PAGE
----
What to do when erectile dysfunction patients are too embarrassed to be honest with their partner
Erectile dysfunction ED is a shared sexual disorder for both the men with ED and their sexual partners, but this fact is often underestimated by affected men or treating physicians.1
Partners usually feel puzzled and confused as they try to figure out what explains the problem. Most partners are concerned that they are not attractive enough and that the problem is their fault. This often causes avoidance of intimacy, or anxious efforts to increase sexual stimulation. In both cases, such a relationship context may exacerbate erectile dysfunction because the man perceives sexual encounters as even more stressful and so does the partner. This way, the couple is trapped in a negative feedback loop where each one’s anxiety fuels the other’s uncertainty and vice versa.
On the other hand, a sincere conversation may give a man the opportunity to actively protect both his sexual life and his relationship. When a man actively supports an open discussion and a clear understanding of the problem, as opposed to misunderstandings and suspicions, he is likely to increase intimacy and a feeling of relationship security. Several studies have shown that talking to the partner lead to significant improvement not only of the relationship quality but also of the erectile function2,3.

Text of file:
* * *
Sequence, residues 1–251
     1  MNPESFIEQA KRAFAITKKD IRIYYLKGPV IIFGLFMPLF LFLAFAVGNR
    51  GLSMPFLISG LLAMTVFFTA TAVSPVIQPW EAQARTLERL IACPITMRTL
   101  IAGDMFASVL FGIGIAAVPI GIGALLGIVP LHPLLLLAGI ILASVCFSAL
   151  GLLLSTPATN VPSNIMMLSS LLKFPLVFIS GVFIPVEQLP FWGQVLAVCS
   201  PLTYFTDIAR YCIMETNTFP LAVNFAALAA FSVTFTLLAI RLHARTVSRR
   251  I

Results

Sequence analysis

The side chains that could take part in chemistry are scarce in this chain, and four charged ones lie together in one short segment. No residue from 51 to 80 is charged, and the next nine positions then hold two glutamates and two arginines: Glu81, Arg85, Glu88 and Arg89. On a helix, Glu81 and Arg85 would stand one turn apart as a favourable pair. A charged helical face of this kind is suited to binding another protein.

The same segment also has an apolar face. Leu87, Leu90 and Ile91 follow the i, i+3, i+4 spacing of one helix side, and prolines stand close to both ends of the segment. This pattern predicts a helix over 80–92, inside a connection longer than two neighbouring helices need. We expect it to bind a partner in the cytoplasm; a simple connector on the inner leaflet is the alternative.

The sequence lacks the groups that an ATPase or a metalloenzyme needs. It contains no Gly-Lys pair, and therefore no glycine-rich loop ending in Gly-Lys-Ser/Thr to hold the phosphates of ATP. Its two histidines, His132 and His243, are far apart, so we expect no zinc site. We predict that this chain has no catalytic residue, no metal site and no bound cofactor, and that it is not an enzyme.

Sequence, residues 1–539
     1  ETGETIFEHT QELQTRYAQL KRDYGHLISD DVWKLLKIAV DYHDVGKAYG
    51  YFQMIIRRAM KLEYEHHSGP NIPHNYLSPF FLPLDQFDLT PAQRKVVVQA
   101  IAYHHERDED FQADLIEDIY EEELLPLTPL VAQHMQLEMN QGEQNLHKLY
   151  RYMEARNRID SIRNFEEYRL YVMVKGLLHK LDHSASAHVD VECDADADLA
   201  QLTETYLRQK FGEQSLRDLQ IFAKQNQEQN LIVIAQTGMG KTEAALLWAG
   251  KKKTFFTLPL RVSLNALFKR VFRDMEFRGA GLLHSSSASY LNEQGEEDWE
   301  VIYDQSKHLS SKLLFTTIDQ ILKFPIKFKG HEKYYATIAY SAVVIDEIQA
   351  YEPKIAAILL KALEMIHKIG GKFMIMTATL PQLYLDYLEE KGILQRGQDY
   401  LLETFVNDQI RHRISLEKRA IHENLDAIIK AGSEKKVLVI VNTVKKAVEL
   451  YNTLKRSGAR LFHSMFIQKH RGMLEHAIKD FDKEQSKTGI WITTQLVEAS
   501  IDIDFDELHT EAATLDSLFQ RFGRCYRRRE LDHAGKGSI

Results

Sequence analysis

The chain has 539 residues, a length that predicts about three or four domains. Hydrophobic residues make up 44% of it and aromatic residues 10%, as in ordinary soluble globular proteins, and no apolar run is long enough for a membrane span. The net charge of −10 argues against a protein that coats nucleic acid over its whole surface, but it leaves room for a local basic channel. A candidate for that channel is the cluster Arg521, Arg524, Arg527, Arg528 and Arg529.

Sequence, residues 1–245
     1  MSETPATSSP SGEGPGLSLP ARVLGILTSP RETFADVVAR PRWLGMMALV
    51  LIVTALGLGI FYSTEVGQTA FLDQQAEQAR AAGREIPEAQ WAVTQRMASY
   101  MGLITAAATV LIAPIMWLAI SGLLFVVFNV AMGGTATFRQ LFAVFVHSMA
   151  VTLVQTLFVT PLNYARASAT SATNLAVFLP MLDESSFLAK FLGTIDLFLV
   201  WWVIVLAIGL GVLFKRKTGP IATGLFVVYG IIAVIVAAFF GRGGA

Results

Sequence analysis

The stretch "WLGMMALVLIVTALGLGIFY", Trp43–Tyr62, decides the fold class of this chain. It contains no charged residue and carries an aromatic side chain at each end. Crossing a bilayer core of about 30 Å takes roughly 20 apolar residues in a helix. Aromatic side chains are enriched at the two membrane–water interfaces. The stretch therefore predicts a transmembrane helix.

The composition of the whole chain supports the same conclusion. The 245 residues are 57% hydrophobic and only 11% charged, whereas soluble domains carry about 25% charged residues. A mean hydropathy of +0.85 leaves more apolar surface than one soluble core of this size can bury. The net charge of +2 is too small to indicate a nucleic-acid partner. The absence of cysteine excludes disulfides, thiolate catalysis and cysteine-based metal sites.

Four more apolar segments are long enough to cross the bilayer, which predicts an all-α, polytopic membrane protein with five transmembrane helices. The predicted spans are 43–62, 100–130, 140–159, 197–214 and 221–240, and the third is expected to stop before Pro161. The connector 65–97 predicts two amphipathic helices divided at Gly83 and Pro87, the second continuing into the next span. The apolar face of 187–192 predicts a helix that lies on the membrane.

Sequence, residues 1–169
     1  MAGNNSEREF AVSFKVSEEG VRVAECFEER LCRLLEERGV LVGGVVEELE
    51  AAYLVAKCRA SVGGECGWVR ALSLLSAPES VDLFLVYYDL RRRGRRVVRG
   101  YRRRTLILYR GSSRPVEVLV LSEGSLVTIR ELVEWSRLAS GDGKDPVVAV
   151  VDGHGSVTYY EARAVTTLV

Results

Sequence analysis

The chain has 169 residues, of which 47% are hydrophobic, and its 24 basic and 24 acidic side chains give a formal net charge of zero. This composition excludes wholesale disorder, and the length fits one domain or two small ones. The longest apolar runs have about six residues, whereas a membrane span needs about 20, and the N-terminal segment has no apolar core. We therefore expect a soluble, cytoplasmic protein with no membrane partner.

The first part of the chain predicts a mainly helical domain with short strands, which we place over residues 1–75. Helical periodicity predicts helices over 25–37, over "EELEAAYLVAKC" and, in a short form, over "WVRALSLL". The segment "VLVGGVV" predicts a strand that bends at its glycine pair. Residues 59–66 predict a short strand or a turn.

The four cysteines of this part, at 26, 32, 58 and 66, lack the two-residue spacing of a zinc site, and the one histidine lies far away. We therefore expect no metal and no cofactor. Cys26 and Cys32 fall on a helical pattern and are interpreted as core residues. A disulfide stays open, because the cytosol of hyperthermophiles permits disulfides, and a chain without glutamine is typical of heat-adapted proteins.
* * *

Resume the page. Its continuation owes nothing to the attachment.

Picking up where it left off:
Physicians need to encourage men to take a leading role not only in the treatment but also in the relationship quality. They can do that by deciding to share their needs in a clear and simple way. They can start by expressing
- their feeling about the problem,
- their personal desire and
- their request.
For example, “I feel sad and anxious, because I desire to enjoy sex with you but my erection is not adequate. So, I would like you to be informed about the problem and stay with me as we seek treatment.”
Or “I feel disappointed because my sexual function is not as I would like it to be. However, I desire you and our relationship is very important to me. I would like to ask for your understanding and patience as we follow the treatment procedure.”
Your physician can encourage you to use the problem as an opportunity to express your desire for the relationship and also to demonstrate a brave problem-solving attitude. Actually, relationships become intimate only when we communicate our vulnerabilities.
Evie Kirana, Phd, FECSM (hon), ECPS
Health psychologist- Sexologist
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